Michael Nesmith of the Monkees Passes Away

(Photo by Chris Pizzello/Invision/AP, File)

Michael Nesmith, who shot to fame in the 1960s as the wisecracking guitar player for the rock pseudo band The Monkees, and later established himself in his own right as an accomplished musician and video artist, passed away Friday from heart failure. Nesmith was 78.

Nesmith was a Texas native. His mother invented Liquid Paper, a staple for every typist in the pre-word processor days. After a stint in the Air Force, Nesmith started working the folk music scene, playing various clubs, including the Troubadour. In 1965 he auditioned for what would become The Monkees.

The Monkees aired on NBC from 1966 through 1968. The band, which despite its artificial creation, was a genuine music ensemble, was a unique phenomenon in pop music. While multiple artists in the rock’n’roll era had used television stardom as a springboard for their music career, most noticeable Ricky Nelson, The Monkees were a fictional band, albeit one in which the members more or less played themselves. The finest songwriters and studio musicians provided the band’s sound, its members initially adding almost nothing but vocals, which irked all members to no end. Led by Nesmith, The Monkees eventually forced their way into both instrumental and songwriting entries on the string of records the band released during its relatively brief and wildly popular existence.

Nesmith’s songwriting skill was amply demonstrated in 1967, when The Stone Poneys, featuring Linda Ronstadt on lead vocals, took his song “Different Drum” into the Top 20.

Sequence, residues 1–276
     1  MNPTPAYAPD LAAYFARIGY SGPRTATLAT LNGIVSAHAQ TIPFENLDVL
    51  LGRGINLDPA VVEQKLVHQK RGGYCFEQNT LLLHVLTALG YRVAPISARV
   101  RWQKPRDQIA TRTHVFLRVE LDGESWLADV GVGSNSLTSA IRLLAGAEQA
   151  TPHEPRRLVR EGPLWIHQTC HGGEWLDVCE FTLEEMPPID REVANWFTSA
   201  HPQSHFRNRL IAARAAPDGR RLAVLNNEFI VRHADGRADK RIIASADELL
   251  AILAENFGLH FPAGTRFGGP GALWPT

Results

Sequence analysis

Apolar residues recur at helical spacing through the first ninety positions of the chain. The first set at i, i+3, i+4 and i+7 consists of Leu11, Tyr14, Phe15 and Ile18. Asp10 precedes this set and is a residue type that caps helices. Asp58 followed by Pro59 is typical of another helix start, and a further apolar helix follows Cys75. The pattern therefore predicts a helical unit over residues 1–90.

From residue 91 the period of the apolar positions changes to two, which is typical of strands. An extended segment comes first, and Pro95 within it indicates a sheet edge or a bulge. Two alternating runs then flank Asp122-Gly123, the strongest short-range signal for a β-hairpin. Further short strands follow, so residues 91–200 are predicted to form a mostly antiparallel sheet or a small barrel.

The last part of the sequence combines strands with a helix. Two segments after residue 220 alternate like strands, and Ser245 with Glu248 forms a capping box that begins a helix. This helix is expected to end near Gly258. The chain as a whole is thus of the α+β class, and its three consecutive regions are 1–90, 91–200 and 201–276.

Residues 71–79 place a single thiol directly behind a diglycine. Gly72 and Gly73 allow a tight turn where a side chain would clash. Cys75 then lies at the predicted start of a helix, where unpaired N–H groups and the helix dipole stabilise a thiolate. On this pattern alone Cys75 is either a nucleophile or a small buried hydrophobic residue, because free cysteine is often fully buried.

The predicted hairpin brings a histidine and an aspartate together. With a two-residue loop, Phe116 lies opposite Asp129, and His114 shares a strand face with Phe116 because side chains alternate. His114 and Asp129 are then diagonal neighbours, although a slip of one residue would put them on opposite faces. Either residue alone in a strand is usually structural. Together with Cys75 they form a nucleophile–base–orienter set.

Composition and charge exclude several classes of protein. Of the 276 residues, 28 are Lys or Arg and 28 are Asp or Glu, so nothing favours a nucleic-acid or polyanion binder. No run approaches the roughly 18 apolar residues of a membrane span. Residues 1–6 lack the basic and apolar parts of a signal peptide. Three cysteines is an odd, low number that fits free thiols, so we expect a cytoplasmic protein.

Nesmith penned several songs for The Monkees, including “You Just May Be The One.”

Post-Monkees, Nesmith dove into the then-barely birthed country-rock genre, along the way producing this 1970 hit.

In subsequent years Nesmith added video and filmmaking to his resume. His 1982 combination of music videos and sketch comedy segments Elephant Parts won a Grammy. Nesmith also participated in various Monkees reunion efforts on stage and in the recording studio.

The Monkees was mandatory viewing every Monday evening in my house during its three seasons on the air. Its mix of goofy humor and top-flight music earned the show and the band, real or not, a permanent place in my then-quite youthful heart. To this day, when a Monkees song comes on the oldies station, the dial stays there until the end. The band is almost completely gone; Mickey Dolenz is now the sole living member. But the laughter, and the songs, remain. Godspeed, Michael Nesmith.